The presence of CE-supportive policies is a crucial enabler for the wider adoption of CE practices. Legislation oriented towards CE can establish standards that cover building design, construction, and operation. These standards may mandate the utilization of reused or recycled materials, emphasise energy efficiency, promote waste reduction strategies, and advocate for the integration of circular principles throughout building practices. Such policies provide a structured framework, guidelines, regulations, and incentives that promote the overall transition toward circular business models. Furthermore, policies help mitigate the risks associated with the transition to circular practices by providing guidelines and support. Therefore, stakeholders are more likely to embrace circularity when they have a clear understanding of regulatory expectations.
The concerns about the quality and performance of reclaimed materials in building construction are legitimate, and addressing these concerns is essential for the wider adoption of such materials. Recognized standards and certifications play a crucial role in building trust among stakeholders and ensuring the quality, safety, and durability of reclaimed materials. This helps in meeting specific performance criteria and ensures that the materials are suitable for their intended applications, as stakeholders need assurance that the materials will perform as expected over time. In addition, certifications of reclaimed materials can enhance market acceptance, as stakeholders are more likely to use these materials if they are assured of their quality and compliance with established standards.
As the Kingdom of Saudi Arabia strives for economic diversity and environmental sustainability, embracing CE strategies in the building sector emerges as a critical pathway. This research shares the first findings of the awareness, attitudes, and implementation level of CE among the stakeholders of the built environment in Saudi Arabia. Additionally, it examined the primary obstacles to implementing circular strategies in building construction projects, along with the factors that facilitate a transition to the CE model. This study employed a quantitative method through an online survey with a total of 139 respondents from various stakeholder groups across major provinces, including Riyadh, Makkah, and the Eastern provinces, which are representative of significant construction projects in the country. This study utilised the relative importance index (RII) to rank barriers and enablers, conducted a reliability analysis using Cronbach’s alpha, and employed a Spearman’s correlation test to analyse the strength and direction of associations concerning the implementation of CE among various identified barriers.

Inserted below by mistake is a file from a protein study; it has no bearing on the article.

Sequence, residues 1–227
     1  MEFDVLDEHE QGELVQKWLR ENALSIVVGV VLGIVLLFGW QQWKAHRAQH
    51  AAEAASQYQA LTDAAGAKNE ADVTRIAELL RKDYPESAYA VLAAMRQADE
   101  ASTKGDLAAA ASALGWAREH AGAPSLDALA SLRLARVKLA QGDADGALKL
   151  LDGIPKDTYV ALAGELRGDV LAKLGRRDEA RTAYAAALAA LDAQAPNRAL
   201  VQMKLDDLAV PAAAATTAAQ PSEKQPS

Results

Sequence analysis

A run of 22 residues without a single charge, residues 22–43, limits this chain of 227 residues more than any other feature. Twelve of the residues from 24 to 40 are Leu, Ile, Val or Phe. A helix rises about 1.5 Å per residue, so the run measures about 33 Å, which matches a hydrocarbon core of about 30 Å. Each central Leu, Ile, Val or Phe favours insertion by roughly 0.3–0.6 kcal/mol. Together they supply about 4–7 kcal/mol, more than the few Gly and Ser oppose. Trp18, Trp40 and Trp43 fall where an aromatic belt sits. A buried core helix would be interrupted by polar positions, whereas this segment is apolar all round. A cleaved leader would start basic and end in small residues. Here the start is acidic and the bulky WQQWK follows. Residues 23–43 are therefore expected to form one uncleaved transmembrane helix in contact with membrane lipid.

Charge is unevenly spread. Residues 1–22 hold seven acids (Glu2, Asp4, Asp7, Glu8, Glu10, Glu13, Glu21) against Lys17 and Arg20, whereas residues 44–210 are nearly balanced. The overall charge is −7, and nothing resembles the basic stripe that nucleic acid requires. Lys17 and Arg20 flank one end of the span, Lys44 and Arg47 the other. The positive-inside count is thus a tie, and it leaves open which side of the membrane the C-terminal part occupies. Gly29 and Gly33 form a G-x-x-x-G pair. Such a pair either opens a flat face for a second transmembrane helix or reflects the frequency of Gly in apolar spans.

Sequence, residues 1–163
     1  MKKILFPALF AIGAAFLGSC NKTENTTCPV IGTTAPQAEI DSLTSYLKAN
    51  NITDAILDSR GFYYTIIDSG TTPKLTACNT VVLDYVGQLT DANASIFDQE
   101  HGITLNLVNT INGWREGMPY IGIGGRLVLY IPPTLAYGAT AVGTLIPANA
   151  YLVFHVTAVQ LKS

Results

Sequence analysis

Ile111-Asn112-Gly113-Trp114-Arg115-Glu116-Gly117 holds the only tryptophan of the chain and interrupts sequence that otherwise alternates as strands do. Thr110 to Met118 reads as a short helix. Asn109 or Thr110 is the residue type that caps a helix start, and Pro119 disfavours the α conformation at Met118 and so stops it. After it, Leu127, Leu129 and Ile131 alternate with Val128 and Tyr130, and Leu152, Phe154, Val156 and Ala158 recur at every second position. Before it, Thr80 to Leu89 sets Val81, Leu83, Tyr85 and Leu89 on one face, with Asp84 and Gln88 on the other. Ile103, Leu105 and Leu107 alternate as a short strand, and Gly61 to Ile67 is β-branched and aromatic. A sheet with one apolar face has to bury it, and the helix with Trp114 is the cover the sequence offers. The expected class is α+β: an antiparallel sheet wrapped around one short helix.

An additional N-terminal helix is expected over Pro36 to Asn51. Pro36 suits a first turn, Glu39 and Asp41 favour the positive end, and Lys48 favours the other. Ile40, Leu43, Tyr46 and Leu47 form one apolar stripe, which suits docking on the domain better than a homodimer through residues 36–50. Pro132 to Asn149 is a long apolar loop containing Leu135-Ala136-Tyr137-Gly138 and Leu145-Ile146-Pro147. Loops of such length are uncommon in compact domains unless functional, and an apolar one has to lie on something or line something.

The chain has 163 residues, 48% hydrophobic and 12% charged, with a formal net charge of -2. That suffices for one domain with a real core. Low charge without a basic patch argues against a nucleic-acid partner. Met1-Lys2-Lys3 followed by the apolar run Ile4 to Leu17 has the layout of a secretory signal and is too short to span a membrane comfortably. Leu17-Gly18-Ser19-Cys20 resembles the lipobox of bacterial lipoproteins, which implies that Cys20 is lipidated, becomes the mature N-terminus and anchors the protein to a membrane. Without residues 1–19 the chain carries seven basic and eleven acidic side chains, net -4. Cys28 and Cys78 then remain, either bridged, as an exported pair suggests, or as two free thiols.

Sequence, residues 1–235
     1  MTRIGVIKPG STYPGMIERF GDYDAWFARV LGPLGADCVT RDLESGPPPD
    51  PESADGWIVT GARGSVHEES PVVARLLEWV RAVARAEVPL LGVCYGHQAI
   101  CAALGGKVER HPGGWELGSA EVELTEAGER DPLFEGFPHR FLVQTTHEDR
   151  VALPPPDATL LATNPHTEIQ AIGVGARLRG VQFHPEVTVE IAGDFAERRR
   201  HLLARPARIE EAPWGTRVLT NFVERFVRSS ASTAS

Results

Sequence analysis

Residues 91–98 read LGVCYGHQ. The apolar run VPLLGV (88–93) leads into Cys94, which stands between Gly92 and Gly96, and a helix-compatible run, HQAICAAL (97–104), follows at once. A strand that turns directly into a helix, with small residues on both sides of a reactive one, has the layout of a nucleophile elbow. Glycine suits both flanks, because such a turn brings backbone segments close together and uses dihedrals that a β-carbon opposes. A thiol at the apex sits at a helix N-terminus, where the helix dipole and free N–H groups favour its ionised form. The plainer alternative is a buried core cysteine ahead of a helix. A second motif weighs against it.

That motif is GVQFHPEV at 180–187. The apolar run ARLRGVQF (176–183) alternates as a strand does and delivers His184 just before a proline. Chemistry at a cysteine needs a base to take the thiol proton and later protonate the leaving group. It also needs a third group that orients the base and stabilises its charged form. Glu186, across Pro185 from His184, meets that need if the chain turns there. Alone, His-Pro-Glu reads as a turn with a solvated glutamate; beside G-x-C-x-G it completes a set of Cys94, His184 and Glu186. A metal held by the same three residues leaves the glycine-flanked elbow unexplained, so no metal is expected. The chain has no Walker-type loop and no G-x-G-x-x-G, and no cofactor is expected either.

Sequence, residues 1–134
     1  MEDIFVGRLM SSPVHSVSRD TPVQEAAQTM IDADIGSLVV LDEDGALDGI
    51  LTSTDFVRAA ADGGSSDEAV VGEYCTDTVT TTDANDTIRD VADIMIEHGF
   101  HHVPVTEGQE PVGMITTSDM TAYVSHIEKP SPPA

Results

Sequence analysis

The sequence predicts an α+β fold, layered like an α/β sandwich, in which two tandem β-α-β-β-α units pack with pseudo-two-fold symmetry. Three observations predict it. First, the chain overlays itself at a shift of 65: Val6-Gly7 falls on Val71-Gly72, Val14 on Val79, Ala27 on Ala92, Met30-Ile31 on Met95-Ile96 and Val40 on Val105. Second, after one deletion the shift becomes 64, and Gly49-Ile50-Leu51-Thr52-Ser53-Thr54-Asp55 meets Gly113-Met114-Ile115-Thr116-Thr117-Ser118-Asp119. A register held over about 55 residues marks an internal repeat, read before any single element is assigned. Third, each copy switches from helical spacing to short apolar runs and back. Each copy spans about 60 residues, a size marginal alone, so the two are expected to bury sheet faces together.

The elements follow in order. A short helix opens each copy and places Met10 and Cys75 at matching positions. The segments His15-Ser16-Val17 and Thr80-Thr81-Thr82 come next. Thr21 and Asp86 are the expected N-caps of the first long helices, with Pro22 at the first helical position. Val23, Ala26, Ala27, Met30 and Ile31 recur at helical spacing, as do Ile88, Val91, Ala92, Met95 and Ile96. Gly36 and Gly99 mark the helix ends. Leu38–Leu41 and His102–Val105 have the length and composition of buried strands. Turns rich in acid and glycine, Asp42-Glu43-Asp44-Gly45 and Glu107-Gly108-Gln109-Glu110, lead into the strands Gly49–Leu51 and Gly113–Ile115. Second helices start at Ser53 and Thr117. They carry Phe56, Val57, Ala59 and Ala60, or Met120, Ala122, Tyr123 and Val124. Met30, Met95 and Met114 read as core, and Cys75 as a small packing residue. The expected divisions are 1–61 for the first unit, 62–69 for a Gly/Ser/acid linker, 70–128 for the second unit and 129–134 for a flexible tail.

This study’s findings reveal a significant lack of awareness of CE among the stakeholders, as the majority of participants (70%) express unfamiliarity with CE principles. Furthermore, the results indicate a low implementation rate of CE principles in building construction projects, as only 19% of participants believe their organisations consistently or frequently incorporate CE practices in such projects. However, the participants showed a positive attitude toward implementing CE as 85% of the participants believe their organisation should adopt CE principles in future construction projects. This strong endorsement shows a willingness among the participants to embrace and integrate circular practices within their organisational frameworks.